I deliberately left very limited time to make these works. After endlessly converting time, energy, thinking and realisation, I almost tossed the works into the space. To me, your own aim and attitude determines the output. An artist defines his own job, and one endlessly undertakes that activity to understand reality and himself.
Presently, my studio lies on the border between the urban and rural environments of Beijing. It is a rather large space. Before my taking over, the space was used as a furniture gallery. People working with me there include excellent graduates, young artists from art academies and workers from all over the country. A number of them worked previously in various fields; now they are using their skills and experiences to assist me creating artworks, or the other way around—me assisting them to create artworks. At the same time, their experiences and ways of working influence my work as well.
To me, Puzzle, Enigma and other works included in the exhibition try first and foremost not to avoid the viewer’s comprehension, but mine. These are related chiefly to my own frustration, confusion and bafflement. To me, artworks do not provide answers, do not educate. It is not that I am not interested in discussions or revealing meanings, it is just that I am with the viewers, in the quest for meaning. To speculate or to submerge in “negative capability” is something I do very often in the face of artworks.
I hope the viewers could use my works as starting points or points of reference in their discussions, contributing to their own thinkings. In this sense, art means freedom. Not only am I free as a creator, the viewers are free as spectators as well. Catherine David commented that my works deceive fetishism; to me this is a very, very important comment. Gao Shiming saw in my works the problematics of equality. My son likes the video installation Shapeshifting a lot, and called this perpetual change of colors a billboard. I like his comment very much.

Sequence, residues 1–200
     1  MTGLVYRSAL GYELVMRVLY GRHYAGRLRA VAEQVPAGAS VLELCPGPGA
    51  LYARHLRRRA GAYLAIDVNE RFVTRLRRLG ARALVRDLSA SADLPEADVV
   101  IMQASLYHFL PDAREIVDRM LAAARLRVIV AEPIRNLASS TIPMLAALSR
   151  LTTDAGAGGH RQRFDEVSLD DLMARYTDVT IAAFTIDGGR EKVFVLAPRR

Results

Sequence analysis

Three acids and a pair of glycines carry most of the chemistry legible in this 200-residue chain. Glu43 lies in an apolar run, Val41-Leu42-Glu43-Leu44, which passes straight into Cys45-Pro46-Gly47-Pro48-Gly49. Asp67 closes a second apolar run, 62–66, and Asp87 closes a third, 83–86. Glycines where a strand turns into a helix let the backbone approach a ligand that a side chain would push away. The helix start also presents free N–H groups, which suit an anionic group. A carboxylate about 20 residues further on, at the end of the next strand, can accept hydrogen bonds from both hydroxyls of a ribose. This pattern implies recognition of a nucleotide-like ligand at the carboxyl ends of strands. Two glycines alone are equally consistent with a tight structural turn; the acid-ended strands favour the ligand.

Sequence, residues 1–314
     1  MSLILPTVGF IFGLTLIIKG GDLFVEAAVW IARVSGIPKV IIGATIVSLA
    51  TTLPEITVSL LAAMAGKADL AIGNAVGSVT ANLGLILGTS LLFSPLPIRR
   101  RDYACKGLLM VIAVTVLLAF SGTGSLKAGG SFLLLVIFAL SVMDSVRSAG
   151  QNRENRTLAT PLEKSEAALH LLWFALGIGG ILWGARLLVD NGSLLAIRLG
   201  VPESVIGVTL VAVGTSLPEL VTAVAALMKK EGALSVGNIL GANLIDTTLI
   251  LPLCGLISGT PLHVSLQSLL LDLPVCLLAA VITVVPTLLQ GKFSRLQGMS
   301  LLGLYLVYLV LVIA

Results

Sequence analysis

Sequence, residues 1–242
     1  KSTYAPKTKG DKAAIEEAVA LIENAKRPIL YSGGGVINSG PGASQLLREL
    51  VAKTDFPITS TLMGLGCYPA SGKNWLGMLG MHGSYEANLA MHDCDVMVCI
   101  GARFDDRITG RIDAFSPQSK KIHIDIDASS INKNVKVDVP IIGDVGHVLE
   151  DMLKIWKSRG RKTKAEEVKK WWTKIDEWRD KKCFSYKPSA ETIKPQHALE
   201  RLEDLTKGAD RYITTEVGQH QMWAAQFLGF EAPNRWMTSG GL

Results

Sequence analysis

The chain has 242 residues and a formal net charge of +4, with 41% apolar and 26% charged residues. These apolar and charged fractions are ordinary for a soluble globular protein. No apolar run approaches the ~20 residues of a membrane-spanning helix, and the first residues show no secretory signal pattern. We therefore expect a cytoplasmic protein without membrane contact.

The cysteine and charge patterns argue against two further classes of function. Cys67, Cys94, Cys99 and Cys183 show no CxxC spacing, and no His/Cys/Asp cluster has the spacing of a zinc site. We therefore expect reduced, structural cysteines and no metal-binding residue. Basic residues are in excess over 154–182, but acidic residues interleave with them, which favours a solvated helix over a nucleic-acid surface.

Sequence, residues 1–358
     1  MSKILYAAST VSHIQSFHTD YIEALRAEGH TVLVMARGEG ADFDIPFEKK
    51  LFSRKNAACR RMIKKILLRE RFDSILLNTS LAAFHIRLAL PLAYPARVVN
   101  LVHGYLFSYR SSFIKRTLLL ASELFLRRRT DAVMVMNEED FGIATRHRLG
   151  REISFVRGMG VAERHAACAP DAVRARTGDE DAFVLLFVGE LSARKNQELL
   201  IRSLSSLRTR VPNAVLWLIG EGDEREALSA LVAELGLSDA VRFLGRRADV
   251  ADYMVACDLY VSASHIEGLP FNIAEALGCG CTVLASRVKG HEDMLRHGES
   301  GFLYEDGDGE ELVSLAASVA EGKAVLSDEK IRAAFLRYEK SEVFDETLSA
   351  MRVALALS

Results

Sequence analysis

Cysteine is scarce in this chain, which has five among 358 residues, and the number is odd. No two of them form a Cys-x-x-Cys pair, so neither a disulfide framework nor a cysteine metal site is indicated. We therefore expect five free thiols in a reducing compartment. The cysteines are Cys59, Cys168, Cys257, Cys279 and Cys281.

I do not think it is fair for me to judge my own artworks, especially in a historical context, or to judge others’ evaluations. I just wish to point out that, as a subject, an individual, certainly I am very much concerned with the social and the political, and that artworks that are apparently very formalist could be extremely political as well. I am not living in a void, and I do think the political, the social and the aesthetic are inseparable. To me, to my work, form is the political par excellence, and I do not think the political in art should be presented as politics.
Many years ago, I was surprised by the common forms of dog chew as a pet product. Many dog chews are in fact in the shape of little houses, very architectural. My point of departure back then was this means nothing to the dog. However it is visually, the dog only wishes to consume the product in a very specific, somehow brutal manner. The discrepancy between human’s wishful thinking and the dog’s desire perhaps is very much similar to the discrepancy found in the relationship between the artist and the viewer. If we are to consider the concept of the “artwork”, the specific form of the artwork or where this form originates from is not that important a question to me. What is important is that it is already itself the incarnation of desire and power. I hope a work as such could pave the way for a reconsideration of the concept of the “artwork” for us, what it really is, or how it operates in the relationship between the creator and the viewer.
The books were initially inspired by an imagination of time and knowledge. This unbearable weight itself reminds us of the forsaken lesson: our existences are conditional on omnipresent gravity. This is the purest perception, like a rock, and the first book sculpture was a rock, a meteor in fact. To me, Look! Book is not abstract. It is an imagination of civilisation, and its form reminds me that the real does not come from verisimilitude, but comes from perceptual and spiritual truthfulness. Abstraction processes this perception with reduction, and what is left is the essence of the works.
The paintings work as marks of colors, a change in the look and attitude of the exhibition. Be it the Purple Air series or the Liberation series, the paintings question from the very beginning our ways of seeing. All images are political, as we have already lost our “natural” status. To me, everything on the computer screen is naturally present, and therefore not much intervention or creation is necessitated. I face millions of choices, and choices create reality. This is what abstraction is to me.—[O]
Liu Wei: Colors continues at UCCA until April 17.